Greater cumulative doses of antihistamines, tricyclic antidepressants and other drugs that are anticholinergic or block the neurotransmitter acetylcholine are associated with significant increases in dementia and Alzheimer’s, according to a study in JAMA Internal Medicine.
“We have known for some time that even single doses of these medications can cause impairment in cognition, slower reaction time, [and] reduced attention and ability to concentrate,” the study’s lead author Shelley Gray from the University of Washington told LiveScience. Originally, “the thinking was that these cognitive effects were reversible when you stopped taking the medication.” But Gray’s study found a link between heavier use of these medications and increasing, irreversible cognitive impairment.
The researchers identified 3,434 people who were ages 65 and older and were free from dementia at the start of the Adult Changes in Thought study, and followed them for about seven years. “The researchers found that the higher a patient’s cumulative dose of anticholinergic medication over the 10 years before entering the study, the greater his or her risk of dementia,” reported LiveScience. The finding held true even when the researchers attempted to adjust for the possibility that some of the drugs might be being prescribed specifically to treat dementia symptoms.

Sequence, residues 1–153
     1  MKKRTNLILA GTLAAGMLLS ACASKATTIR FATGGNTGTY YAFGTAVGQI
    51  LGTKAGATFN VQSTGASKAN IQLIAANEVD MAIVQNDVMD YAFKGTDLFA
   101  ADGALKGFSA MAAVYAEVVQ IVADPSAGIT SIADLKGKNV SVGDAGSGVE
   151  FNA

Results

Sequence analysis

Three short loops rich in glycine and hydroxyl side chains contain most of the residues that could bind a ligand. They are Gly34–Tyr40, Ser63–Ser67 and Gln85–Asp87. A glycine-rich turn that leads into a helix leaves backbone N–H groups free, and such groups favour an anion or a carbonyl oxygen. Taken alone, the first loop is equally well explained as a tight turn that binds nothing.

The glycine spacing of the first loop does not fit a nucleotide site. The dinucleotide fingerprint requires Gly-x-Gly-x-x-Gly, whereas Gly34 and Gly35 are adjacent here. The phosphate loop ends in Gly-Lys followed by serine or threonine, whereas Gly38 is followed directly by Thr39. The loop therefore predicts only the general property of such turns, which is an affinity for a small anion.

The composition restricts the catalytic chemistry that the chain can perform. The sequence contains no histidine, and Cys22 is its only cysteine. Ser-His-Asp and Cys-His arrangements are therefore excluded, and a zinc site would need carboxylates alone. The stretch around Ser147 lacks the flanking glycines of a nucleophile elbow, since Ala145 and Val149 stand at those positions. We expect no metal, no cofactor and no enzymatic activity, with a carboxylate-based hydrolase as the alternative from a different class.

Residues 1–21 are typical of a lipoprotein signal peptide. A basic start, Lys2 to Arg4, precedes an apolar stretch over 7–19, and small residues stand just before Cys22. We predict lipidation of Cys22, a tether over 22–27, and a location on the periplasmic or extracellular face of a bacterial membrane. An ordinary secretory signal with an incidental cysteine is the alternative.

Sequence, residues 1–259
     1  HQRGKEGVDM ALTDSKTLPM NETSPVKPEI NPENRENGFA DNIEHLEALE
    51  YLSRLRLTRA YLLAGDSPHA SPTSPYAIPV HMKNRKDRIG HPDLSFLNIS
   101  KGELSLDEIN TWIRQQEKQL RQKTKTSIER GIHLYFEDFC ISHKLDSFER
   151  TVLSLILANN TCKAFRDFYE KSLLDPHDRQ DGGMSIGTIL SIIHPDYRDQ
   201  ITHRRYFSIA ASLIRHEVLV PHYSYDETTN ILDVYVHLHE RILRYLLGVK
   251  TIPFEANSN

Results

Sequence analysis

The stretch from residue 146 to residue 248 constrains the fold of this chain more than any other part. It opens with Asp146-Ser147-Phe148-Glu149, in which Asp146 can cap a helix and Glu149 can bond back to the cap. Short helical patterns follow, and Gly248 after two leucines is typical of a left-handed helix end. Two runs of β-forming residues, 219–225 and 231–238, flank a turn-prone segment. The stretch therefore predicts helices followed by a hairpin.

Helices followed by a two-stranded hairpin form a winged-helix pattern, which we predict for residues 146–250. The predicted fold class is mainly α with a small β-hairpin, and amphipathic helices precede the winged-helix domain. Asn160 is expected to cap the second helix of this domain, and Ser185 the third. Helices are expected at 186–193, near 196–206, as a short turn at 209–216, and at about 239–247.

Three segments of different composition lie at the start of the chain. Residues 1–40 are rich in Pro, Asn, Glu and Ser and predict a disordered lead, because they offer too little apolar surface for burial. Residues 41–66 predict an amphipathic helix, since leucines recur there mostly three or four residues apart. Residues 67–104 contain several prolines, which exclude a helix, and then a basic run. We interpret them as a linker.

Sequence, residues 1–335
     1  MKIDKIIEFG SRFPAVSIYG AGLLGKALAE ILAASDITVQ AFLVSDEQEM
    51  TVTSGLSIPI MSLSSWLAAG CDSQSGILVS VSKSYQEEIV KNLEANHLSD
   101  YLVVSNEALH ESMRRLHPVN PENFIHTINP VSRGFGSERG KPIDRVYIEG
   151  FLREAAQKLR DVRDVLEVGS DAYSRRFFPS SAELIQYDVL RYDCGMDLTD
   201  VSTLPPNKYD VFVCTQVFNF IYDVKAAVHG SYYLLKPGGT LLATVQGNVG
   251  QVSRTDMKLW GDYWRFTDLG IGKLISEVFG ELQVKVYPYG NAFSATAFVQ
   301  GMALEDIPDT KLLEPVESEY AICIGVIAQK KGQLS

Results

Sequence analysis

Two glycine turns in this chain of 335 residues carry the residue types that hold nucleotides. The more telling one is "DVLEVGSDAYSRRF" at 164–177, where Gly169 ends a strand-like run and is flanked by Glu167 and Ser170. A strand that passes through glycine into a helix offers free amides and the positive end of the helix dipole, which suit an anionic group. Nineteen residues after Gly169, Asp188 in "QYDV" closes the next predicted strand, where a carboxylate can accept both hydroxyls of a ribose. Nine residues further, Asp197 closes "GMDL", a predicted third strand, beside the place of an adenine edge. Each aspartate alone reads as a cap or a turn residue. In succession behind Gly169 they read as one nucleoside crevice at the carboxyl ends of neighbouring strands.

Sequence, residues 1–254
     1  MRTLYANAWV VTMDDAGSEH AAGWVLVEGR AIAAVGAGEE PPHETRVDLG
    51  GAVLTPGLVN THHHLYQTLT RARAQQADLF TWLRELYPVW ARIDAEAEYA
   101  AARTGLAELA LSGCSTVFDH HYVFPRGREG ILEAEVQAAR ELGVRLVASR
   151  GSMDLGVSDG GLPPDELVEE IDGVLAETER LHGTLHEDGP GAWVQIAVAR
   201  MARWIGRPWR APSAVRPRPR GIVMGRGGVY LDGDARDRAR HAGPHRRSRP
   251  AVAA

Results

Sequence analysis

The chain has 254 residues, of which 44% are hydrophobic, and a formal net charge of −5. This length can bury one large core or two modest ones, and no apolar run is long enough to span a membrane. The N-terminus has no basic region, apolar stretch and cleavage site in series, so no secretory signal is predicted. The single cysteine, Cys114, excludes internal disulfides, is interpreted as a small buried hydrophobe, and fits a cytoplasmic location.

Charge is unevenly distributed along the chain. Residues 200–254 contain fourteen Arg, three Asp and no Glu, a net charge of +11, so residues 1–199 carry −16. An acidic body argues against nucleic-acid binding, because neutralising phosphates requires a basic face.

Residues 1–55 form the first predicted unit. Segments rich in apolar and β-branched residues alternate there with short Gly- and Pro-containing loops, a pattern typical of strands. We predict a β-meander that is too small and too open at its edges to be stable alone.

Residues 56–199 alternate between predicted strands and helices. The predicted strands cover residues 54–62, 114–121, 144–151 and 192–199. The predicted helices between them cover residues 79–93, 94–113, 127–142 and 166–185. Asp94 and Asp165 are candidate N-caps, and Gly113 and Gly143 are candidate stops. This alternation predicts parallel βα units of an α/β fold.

“Older adults should be aware that many medications – including some available without a prescription, such as over-the-counter sleep aids – have strong anticholinergic effects,” Gray told The Guardian.
Gray SL, Anderson ML, Dublin S, and et al. “Cumulative Use of Strong Anticholinergics and Incident Dementia: A Prospective Cohort Study.” JAMA Internal Medicine, January 26, 2015. doi:10.1001/jamainternmed.2014.7663. (Abstract)
Widely Used Drugs Tied to Greater Dementia Risk for Seniors (LiveScience, January 26, 2015)
Study suggests sleeping drugs can increase risk of Alzheimer’s (The Guardian, January 27, 2015)